Today, National Disability Institute (NDI) released a new report titled Banking Status and Financial Behaviors of Adults with Disabilities: Findings from the 2015 FDIC National Survey of Unbanked and Underbanked Households. The report finds that, in the 27 years since the landmark Americans with Disabilities Act (ADA) was signed into law, ensuring all individuals with disabilities the opportunity to achieve “economic self-sufficiency,” this population still faces numerous financial hurdles and roadblocks to financial inclusion.

Federal Court Dismisses VIA Rail Appeal on Couples With Mobility Scooters Travelling Together

Order means railway must expand mobility device spaces or prove doing so causes ‘undue hardship’ By Shanifa Nasser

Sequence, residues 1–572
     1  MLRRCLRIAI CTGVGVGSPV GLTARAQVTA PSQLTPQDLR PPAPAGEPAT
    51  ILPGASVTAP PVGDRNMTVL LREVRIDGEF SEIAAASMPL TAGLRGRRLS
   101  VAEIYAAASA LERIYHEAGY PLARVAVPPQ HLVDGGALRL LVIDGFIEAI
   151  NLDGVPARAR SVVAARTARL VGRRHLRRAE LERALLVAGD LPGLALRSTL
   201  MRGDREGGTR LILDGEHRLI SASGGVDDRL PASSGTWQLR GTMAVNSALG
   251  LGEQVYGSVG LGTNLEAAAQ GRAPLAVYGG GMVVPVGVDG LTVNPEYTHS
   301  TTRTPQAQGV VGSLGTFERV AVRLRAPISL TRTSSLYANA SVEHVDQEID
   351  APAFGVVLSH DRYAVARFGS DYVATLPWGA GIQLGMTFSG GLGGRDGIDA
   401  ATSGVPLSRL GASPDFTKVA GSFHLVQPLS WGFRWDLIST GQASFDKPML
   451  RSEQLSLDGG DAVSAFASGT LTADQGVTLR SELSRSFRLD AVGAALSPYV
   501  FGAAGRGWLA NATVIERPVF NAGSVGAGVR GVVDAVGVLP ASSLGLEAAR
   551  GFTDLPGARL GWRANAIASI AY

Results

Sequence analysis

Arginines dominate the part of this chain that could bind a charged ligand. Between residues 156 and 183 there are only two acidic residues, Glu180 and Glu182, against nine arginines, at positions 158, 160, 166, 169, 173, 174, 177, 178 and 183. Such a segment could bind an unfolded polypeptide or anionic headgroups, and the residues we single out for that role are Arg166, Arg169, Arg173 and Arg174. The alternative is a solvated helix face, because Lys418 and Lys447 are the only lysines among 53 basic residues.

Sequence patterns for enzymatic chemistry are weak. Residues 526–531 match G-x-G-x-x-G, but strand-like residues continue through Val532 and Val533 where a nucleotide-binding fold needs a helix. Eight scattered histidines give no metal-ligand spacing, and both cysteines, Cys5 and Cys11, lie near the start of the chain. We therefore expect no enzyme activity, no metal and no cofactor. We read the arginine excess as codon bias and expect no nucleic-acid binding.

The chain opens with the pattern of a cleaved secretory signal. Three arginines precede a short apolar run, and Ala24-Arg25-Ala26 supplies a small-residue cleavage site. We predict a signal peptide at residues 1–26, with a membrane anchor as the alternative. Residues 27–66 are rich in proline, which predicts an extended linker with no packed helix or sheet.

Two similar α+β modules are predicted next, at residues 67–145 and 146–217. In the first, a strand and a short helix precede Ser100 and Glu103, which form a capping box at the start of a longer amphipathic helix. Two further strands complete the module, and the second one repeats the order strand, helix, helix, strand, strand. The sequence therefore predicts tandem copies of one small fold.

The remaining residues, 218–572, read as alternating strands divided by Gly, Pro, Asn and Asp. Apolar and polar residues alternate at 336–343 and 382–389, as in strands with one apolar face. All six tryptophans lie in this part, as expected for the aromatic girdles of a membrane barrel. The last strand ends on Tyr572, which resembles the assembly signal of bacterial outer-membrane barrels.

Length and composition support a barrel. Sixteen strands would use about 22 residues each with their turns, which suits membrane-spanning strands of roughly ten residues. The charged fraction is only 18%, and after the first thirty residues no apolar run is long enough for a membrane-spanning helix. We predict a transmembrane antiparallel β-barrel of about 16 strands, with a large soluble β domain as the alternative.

CBC News Posted: Apr 30, 2017

Martin Anderson and Marie Murphy say they have long been working to get additional tie-down spaces for scooters and wheelchairs on VIA trains and are tired of waiting for the railway to act.

The Federal Court has dismissed an appeal by VIA Rail of a decision that would make it possible for a Toronto couple who rely on wheelchairs and scooters to travel together on a single train.

Products and Services to Be Made More Accessible for Disabled Persons in the EU

April 25, 2017
Key products and services, like phones, e-book readers, operating systems and payment terminals, will have to be made more accessible to people with disabilities, under draft EU rules amended in committee on Tuesday.

The Internal Market Committee amended and approved the rules, which would apply only to products and services placed on the EU market after the directive takes effect, by 20 votes in favour, none against and 17 abstentions.